I want what world there is behind your eyes,
                  I want your life and you will not give it me.

                 Now, if I look, I see you walking down the years,
                 Young, and through August fields--a face, a thought, a swinging dream
                               perched on a stile--;
                  I would have liked (so vile we are!) to have taught you tears
                   But most to have made you smile.
                 To-day is not enough or yesterday: God sees it all--
Your length on sunny lawns, the wakeful rainy nights--; tell me--;
                   (how vain to ask), but it is not a question--just a call--;
Show me then, only your notched inches climbing up the garden wall,
                     I like you best when you are small.

                                   Is this a stupid thing to say
                                  Not having spent with you one day?
                  No matter; I shall never touch your hair
                   Or hear the little tick behind your breast,
                                   And as a flying bird
                  Brushes the branches where it may not rest
                 I have brushed your hand and heard
               The child in you: I like that best
So small, so dark, so sweet; and were you also then too grave and wise?
                  Always I think. Then put your far off little hand in mine;--
                         Oh! let it rest;
I will not stare into the early world beyond the opening eyes,
                 Or vex or scare what I love best.
                  But I want your life before mine bleeds away--
                      Here--not in heavenly hereafters--soon,--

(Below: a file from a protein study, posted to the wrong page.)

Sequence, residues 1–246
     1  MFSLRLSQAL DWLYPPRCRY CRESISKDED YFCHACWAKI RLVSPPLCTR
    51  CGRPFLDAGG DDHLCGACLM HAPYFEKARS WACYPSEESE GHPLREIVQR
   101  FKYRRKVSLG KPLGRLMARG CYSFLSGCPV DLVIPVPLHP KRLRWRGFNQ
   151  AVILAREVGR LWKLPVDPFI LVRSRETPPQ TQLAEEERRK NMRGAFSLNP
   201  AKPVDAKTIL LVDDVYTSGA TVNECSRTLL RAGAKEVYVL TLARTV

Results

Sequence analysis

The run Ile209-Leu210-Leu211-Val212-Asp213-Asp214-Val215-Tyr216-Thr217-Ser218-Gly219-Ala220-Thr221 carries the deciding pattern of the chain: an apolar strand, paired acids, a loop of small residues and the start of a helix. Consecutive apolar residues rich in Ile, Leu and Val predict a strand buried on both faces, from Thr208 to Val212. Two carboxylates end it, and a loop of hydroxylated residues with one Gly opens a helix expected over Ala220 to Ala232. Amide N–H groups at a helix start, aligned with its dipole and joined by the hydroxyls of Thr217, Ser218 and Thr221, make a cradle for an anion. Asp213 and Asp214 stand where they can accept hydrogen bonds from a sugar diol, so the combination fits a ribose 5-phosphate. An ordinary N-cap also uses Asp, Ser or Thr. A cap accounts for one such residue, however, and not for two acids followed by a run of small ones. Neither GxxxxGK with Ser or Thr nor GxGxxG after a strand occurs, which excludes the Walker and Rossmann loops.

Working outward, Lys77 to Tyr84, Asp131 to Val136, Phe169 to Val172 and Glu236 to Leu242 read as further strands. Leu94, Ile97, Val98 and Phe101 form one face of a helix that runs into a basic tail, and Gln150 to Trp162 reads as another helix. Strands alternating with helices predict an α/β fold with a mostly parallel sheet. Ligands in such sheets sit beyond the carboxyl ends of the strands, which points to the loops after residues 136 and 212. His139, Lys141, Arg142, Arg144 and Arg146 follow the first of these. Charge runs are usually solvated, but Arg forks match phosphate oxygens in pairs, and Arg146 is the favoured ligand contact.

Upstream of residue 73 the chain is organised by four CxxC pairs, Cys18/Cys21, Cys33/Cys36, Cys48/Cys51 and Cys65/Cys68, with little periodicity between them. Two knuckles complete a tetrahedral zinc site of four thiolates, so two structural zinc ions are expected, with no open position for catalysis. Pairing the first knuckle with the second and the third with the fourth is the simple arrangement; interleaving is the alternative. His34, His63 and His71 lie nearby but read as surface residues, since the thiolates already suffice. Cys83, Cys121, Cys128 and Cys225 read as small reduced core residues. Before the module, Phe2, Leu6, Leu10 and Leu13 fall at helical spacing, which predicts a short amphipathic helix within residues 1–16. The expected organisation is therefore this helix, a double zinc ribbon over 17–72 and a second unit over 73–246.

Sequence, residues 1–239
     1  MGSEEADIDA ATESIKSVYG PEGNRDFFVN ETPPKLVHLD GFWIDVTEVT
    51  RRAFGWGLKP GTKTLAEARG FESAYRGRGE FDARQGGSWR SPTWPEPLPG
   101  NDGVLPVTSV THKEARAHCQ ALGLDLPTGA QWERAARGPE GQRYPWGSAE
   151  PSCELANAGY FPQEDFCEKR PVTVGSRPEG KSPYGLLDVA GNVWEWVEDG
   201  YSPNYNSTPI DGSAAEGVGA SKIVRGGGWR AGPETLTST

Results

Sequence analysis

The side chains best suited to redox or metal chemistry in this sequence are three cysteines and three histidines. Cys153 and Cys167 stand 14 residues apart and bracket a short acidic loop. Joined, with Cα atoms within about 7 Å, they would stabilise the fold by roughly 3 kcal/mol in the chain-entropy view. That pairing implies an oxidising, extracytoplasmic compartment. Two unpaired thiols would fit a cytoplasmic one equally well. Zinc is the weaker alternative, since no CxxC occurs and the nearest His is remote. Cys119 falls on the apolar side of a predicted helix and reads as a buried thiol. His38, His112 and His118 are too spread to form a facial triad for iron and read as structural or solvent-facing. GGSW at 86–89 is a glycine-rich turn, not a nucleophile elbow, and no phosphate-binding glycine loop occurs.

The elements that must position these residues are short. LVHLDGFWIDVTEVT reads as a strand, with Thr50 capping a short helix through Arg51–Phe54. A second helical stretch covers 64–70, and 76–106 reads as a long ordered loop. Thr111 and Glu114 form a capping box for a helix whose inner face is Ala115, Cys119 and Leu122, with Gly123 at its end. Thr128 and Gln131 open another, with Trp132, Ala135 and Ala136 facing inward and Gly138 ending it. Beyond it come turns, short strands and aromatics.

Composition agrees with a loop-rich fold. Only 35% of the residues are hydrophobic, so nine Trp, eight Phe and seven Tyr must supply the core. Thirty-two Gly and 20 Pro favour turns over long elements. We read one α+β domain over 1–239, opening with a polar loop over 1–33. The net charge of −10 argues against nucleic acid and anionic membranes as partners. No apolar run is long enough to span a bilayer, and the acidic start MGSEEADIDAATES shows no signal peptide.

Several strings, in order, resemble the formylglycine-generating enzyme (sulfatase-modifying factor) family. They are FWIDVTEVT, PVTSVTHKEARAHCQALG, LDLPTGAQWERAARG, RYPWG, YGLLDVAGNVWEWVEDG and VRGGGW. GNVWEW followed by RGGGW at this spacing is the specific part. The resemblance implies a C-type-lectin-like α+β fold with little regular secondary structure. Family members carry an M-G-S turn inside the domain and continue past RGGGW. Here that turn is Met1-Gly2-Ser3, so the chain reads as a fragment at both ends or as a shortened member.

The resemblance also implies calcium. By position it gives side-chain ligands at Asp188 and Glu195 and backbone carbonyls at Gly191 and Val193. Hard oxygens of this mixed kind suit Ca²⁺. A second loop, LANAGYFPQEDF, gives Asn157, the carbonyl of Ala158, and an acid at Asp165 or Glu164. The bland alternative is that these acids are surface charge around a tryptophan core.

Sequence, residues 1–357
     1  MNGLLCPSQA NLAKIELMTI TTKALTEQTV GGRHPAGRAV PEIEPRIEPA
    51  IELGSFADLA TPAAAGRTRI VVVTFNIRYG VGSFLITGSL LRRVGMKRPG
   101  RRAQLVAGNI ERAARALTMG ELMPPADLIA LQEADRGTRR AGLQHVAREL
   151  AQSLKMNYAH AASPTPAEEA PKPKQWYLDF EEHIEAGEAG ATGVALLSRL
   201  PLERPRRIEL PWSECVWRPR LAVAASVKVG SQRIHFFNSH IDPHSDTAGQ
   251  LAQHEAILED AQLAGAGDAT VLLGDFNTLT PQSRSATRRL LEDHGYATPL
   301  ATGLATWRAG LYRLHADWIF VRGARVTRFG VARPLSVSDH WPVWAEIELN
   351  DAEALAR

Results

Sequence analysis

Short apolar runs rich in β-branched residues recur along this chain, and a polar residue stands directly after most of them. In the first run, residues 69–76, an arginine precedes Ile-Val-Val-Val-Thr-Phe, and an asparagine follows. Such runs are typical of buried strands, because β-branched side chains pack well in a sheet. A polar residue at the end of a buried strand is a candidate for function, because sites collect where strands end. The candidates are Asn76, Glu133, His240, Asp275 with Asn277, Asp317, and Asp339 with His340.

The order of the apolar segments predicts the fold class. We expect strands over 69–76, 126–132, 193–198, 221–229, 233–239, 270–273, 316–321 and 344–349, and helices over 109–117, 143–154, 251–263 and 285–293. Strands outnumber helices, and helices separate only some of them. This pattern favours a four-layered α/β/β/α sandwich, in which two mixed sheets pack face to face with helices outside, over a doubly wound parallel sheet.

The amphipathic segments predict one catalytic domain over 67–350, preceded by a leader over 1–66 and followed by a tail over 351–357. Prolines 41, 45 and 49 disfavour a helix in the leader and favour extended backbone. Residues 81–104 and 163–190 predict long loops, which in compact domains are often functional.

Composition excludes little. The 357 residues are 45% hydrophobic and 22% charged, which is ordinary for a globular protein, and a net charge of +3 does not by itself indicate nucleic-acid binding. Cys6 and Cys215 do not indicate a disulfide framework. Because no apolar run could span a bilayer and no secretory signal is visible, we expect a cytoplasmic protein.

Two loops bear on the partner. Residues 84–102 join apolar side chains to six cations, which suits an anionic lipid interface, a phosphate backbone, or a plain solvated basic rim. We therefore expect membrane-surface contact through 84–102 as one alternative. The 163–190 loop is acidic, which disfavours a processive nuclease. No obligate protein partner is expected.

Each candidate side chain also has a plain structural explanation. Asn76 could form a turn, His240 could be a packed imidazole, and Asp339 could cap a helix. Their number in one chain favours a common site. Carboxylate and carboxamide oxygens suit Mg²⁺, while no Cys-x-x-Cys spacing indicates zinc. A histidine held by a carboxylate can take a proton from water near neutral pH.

I want your smile this very afternoon,
                 (The last of all my vices, pleasant people used to say,
                     I wanted and I sometimes got--the Moon!)

                      You know, at dusk, the last bird's cry,
                  And round the house the flap of the bat's low flight,
                     Trees that go black against the sky
                 And then--how soon the night!

          No shadow of you on any bright road again,
And at the darkening end of this--what voice? whose kiss? As if you'd say!
It is not I who have walked with you, it will not be I who take away
                  Peace, peace, my little handful of the gleaner's grain
                 From your reaped fields at the shut of day.

                Peace! Would you not rather die
                  Reeling,--with all the cannons at your ear?
                So, at least, would I,
                   And I may not be here
                   To-night, to-morrow morning or next year.
                  Still I will let you keep your life a little while,
                      See dear?
                    I have made you smile.

At a Dinner Party

With fruit and flowers the board is decked,
    The wine and laughter flow;
I'll not complain—could one expect
    So dull a world to know?

You look across the fruit and flowers,
    My glance your glances find.—
It is our secret, only ours,
    Since all the world is blind.

On the Hill-Side

A Memory

You lay so still in the sunshine,
So still in that hot sweet hour—
That the timid things of the forest land
Came close; a butterfly lit on your hand,
Mistaking it for a flower.

You scarcely breathed in your slumber,
So dreamless it was, so deep—
While the warm air stirred in my veins like wine,
The air that had blown through a jasmine vine,
But you slept—and I let you sleep.